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Accelerating loss of ocean species threatens human well-being

In a study published in the November 3 issue of the journal, Science, an international group of ecologists and economists show that the loss of biodiversity is profoundly reducing the ocean's ability to produce seafood, resist diseases, filter pollutants, and rebound from stresses such as over fishing and climate change. The study reveals that every species lost causes a faster unraveling of the overall ecosystem. Conversely every species recovered adds significantly to overall productivity and stability of the ecosystem and its ability to withstand stresses.

"Whether we looked at tide pools or studies over the entire world's ocean, we saw the same picture emerging," says lead author Boris Worm of Dalhousie University. "In losing species we lose the productivity and stability of entire ecosystems. I was shocked and disturbed by how consistent these trends are - beyond anything we suspected."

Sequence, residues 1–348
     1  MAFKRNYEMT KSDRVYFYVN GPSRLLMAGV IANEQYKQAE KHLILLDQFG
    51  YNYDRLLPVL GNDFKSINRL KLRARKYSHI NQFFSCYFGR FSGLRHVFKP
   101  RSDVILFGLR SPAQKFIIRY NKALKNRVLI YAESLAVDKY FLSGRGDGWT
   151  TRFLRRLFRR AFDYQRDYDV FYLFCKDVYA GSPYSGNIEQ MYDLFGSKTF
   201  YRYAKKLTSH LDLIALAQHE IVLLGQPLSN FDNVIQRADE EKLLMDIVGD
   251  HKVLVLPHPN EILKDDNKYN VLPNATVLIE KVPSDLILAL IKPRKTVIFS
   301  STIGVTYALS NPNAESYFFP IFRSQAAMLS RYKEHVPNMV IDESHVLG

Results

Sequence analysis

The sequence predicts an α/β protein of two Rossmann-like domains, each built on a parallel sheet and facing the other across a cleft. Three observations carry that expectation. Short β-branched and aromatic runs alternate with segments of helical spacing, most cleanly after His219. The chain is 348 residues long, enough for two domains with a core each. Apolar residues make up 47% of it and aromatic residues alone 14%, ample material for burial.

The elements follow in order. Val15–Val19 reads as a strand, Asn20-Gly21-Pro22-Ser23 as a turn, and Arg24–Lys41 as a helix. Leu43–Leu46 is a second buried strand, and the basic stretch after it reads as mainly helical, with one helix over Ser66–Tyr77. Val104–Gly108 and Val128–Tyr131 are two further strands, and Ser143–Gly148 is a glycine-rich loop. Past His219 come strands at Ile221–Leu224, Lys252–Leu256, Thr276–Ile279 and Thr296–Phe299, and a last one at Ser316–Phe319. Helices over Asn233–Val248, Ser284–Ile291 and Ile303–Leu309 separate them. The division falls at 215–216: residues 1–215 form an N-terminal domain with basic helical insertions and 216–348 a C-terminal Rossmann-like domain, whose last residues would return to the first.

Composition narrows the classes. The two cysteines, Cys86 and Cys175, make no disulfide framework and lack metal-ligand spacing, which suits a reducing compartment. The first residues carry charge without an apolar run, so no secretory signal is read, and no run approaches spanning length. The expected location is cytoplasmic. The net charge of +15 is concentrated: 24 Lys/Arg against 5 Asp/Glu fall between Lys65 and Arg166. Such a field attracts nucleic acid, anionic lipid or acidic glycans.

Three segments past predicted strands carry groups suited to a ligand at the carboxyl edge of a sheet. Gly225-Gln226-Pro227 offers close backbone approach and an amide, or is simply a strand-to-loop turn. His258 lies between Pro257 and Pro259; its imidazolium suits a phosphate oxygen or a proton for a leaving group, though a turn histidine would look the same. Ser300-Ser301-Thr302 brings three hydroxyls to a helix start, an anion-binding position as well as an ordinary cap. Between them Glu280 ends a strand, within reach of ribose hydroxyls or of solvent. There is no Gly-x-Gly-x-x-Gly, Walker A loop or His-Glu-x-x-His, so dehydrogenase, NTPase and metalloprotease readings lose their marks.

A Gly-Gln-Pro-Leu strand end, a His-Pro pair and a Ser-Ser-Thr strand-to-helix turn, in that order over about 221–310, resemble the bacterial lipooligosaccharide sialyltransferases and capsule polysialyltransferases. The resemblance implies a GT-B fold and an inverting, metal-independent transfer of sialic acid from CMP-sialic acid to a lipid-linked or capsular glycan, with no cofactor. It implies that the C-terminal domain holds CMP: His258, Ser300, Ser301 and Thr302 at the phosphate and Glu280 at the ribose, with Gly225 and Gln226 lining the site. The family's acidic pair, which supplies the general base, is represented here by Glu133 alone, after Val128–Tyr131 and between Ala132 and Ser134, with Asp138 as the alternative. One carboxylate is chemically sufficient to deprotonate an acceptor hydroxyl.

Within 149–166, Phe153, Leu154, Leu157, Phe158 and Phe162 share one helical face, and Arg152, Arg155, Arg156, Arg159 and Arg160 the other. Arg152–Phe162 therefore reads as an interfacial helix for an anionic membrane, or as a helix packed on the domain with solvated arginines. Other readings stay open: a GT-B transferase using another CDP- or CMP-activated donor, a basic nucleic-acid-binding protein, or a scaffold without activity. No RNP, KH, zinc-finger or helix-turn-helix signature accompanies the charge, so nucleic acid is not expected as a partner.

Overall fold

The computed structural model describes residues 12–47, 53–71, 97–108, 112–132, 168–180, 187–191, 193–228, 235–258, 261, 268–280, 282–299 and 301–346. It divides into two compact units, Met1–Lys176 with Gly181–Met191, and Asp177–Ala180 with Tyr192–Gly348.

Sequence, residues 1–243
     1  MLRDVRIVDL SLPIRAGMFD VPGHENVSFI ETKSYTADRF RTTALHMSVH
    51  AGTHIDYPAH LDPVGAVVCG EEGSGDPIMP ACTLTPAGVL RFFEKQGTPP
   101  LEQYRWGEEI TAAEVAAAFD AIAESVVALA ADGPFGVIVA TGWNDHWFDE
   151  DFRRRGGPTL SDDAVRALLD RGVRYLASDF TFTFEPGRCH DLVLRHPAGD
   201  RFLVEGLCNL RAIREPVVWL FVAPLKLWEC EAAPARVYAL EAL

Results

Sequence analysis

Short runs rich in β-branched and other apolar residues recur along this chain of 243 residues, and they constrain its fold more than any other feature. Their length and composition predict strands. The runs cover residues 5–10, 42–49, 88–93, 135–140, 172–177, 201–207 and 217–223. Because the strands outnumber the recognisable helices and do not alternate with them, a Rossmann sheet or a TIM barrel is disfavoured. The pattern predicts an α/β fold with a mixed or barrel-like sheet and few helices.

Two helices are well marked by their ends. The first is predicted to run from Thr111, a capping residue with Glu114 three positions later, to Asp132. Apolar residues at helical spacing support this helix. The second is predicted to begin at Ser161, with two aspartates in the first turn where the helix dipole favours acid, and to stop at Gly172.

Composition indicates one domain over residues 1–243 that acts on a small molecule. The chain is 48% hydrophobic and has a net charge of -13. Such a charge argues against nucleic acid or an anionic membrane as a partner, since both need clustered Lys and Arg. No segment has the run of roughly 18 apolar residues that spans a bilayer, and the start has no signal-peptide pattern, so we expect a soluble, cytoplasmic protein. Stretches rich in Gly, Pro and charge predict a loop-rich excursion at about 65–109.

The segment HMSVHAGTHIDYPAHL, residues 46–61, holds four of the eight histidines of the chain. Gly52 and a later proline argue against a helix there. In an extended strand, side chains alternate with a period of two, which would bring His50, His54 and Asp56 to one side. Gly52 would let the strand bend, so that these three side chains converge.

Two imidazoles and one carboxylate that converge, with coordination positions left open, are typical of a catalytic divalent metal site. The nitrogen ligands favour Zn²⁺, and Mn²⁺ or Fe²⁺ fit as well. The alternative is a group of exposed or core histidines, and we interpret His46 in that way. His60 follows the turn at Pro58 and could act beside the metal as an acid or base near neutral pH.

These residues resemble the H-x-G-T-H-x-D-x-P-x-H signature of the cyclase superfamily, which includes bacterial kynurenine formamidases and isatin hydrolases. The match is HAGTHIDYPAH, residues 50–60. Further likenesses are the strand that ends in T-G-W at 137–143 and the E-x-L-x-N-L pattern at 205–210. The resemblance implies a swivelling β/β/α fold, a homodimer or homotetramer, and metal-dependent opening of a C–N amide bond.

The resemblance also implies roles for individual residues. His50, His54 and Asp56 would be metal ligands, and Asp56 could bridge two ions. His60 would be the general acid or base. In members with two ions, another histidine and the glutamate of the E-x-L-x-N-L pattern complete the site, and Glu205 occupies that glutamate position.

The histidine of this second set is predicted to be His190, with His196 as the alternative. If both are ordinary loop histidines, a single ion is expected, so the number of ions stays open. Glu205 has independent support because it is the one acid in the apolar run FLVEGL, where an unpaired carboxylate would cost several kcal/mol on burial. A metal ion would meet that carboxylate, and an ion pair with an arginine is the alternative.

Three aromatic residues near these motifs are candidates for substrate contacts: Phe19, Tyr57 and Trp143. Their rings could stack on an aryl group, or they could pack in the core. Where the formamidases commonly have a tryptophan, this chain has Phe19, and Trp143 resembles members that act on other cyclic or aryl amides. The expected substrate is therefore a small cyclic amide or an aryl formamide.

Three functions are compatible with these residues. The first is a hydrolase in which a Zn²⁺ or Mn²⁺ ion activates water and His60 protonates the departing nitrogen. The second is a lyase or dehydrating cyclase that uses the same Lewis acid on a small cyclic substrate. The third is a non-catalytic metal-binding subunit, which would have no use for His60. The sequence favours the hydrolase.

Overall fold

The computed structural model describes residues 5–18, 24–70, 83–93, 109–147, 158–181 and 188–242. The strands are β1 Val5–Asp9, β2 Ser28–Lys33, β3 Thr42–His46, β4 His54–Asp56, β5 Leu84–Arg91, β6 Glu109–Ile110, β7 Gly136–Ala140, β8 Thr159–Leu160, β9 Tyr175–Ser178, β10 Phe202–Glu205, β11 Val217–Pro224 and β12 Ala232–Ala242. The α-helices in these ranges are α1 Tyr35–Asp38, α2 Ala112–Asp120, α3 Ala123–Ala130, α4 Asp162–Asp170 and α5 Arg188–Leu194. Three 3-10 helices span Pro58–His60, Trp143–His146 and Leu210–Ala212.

The four-year analysis is the first to examine all existing data on ocean species and ecosystems, synthesizing historical, experimental, fisheries, and observational datasets to understand the importance of biodiversity at the global scale.

The results reveal global trends that mirror what scientists have observed at smaller scales, and they prove that progressive biodiversity loss not only impairs the ability of oceans to feed a growing human population, but also sabotages the stability of marine environments and their ability to recover from stresses. Every species matters.

"For generations, people have admired the denizens of the sea for their size, ferocity, strength or beauty. But as this study shows, the animals and plants that inhabit the sea are not merely embellishments to be wondered at," says Callum Roberts, a Professor at the University of York, who was not involved in the study. "They are essential to the health of the oceans and the well-being of human society."

"This analysis provides the best documentation I
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Contact: Jessica Brown
jbrown@seaweb.org
831-477-2162
SeaWeb
2-Nov-2006


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